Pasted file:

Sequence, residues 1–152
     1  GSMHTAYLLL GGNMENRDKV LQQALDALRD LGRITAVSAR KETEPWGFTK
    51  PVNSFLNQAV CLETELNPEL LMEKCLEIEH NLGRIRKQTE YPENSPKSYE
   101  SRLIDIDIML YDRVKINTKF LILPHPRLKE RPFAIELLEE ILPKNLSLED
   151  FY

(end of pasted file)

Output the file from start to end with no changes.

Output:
Sequence, residues 1–152
     1  GSMHTAYLLL GGNMENRDKV LQQALDALRD LGRITAVSAR KETEPWGFTK
    51  PVNSFLNQAV CLETELNPEL LMEKCLEIEH NLGRIRKQTE YPENSPKSYE
   101  SRLIDIDIML YDRVKINTKF LILPHPRLKE RPFAIELLEE ILPKNLSLED
   151  FY